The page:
For two years, reporters have tried to combat Trump’s smear campaigns by publishing fact-checks and, in some cases, directly calling out the president. Generally, a reporter’s arsenal is little more than past published news stories by peers that most commonly accept as factual and accurate; other times, they rely on unidentified sources who are granted anonymity in exchange for facts that can be hard to confirm because of the nature in which the information is obtained.

This time, there are at least two recordings of what was said at the press briefing and who said it. The first recording, which was published via Twitter on Saturday, contains audio of a White House official laying out the ground rules for the briefing: Although the meeting was held by a member of the White House press department and took place in the press briefing room, it wasn’t for broadcast and information learned couldn’t be directly attributed to anyone. The second recording, published by The Desk on Twitter, contains Shah’s answer to a question by a reporter who asked why it was necessary to have a background press briefing in the first place given Trump’s comments earlier in the day.

Both recordings vindicate most of the report published by the Times in that it undisputedly shows a senior White House official questioning whether or not the U.S.-North Korea summit could take place as scheduled. But critics have hinged on a single word the Times used to summarize Shah’s remarks with respect to the original June 12 date: impossible. Shah never said that word.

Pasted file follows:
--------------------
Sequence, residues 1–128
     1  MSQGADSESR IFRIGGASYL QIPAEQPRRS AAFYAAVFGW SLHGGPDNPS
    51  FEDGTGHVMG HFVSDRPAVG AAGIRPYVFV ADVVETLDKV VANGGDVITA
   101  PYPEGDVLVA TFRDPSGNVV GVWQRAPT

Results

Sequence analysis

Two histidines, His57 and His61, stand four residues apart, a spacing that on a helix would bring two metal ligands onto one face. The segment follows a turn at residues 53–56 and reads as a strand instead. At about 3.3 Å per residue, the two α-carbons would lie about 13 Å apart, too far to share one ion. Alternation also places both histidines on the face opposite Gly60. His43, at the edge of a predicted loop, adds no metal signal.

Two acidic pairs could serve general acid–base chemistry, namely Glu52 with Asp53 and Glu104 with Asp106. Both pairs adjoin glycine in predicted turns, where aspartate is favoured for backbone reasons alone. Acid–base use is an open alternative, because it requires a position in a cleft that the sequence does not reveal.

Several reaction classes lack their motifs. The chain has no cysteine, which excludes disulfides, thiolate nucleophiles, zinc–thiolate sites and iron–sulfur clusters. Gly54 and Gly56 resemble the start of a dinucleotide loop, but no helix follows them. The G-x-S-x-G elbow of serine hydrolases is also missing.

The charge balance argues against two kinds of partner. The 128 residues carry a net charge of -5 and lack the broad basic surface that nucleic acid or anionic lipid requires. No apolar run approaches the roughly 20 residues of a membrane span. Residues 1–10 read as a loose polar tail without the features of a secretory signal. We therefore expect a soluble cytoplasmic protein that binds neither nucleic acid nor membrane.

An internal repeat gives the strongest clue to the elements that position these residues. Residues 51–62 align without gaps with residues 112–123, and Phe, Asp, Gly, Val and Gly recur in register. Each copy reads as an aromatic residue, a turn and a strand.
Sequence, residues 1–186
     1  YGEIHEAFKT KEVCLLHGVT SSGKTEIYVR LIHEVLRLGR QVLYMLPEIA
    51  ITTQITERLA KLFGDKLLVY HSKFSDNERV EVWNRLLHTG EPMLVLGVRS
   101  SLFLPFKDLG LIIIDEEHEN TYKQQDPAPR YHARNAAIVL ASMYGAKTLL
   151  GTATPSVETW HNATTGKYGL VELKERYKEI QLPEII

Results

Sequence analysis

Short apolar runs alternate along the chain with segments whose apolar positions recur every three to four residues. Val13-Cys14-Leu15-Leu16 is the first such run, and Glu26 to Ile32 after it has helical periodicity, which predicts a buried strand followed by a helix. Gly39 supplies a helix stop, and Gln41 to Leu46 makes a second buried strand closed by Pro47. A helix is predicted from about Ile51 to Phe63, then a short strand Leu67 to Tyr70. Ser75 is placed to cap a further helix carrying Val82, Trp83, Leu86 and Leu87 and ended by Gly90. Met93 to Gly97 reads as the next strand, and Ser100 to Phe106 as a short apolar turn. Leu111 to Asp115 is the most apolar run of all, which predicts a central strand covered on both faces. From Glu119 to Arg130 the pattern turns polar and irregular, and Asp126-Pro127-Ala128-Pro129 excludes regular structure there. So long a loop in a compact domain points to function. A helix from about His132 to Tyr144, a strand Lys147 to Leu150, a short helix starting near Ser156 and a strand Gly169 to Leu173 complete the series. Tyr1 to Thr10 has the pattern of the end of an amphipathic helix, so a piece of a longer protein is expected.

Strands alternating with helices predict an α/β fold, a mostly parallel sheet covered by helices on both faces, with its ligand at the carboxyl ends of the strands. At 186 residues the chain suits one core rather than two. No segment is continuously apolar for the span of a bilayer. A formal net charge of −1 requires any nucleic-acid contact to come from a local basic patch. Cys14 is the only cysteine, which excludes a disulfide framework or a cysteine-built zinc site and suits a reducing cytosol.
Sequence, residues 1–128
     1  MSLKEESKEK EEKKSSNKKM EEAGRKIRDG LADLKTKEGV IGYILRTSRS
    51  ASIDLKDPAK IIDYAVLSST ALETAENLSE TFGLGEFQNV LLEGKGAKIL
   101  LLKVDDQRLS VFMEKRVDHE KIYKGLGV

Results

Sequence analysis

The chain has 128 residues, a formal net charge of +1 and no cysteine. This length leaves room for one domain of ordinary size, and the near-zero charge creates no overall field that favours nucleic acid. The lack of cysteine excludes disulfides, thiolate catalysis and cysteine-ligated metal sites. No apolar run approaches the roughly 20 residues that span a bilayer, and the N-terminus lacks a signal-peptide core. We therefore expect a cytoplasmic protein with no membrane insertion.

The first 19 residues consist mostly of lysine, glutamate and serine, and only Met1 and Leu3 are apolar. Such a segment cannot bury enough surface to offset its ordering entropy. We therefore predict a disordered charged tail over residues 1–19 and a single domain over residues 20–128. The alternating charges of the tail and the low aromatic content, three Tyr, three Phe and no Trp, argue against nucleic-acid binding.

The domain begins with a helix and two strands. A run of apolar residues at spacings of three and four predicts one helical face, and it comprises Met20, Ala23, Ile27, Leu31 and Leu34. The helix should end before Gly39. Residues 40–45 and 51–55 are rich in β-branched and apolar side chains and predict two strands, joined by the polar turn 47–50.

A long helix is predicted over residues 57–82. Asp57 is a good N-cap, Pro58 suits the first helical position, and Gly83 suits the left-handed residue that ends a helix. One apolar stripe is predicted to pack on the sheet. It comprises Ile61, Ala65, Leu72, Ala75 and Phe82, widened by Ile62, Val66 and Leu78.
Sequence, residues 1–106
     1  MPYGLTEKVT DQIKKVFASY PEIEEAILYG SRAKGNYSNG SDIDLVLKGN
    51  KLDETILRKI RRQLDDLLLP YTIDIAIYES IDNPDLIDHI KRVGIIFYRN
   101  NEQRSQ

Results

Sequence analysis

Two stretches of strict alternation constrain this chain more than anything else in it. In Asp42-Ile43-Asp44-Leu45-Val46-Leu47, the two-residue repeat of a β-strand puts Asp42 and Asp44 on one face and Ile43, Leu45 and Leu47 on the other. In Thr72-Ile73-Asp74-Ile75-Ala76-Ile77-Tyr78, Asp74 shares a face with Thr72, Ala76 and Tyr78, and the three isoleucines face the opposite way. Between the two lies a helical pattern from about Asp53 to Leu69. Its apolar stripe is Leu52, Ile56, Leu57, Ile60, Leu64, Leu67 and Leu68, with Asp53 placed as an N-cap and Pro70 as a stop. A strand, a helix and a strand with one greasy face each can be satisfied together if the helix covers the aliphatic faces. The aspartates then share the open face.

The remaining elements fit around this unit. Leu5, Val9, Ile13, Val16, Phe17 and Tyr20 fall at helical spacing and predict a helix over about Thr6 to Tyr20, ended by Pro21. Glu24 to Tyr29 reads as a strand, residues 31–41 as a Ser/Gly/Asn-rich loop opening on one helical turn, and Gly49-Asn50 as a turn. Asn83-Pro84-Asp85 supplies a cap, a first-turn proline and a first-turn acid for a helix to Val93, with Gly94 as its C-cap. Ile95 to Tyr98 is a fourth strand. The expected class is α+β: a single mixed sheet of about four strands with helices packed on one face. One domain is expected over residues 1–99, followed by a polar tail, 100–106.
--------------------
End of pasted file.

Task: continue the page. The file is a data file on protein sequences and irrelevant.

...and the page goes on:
“There may have been a real White House briefing with real White House officials, but the New York Times couldn’t be trusted to accurately summarize what the White House official said,” Mollie Hemingway wrote for The Federalist. “Rather than admit that the New York Times was incorrect, and their reporters aren’t good at listening to Trump advisors or accurately conveying their remarks, the media claimed that Trump was the one lying, since, well, White House advisors who give briefings exist.”

Some of that media fervor may have been prompted by a follow up Times story where the paper sourced Trump’s tweet and doubled down on its assertion that it was in the right with respect to Shah’s statement. In that article, the Times said it would not disclose Shah’s identity because ground rules at the beginning of the conference prevented them from doing so, but the paper did publish several quotes taken directly from conversations at that briefing between reporters and the official.

Other news organizations have also pounced on the president’s remark, hinging mostly on the “phony” source aspect and ignoring how the Times summarized Shah’s statement.

“A media that desires to hold this president accountable simply must be accurate in its news writing,” Hemingway wrote. “It failed dramatically here, and failed to hold itself accountable when caught.”

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About the Author:

Matthew Keys

Matthew Keys is a nationally-recognized, award-winning journalist who has covered the business of media, technology, radio and television for more than 11 years. He is the publisher of The Desk and contributes to Know Techie, Digital Content Next and StreamTV Insider. He previously worked for Thomson Reuters, the Walt Disney Company, McNaughton Newspapers and Tribune Broadcasting.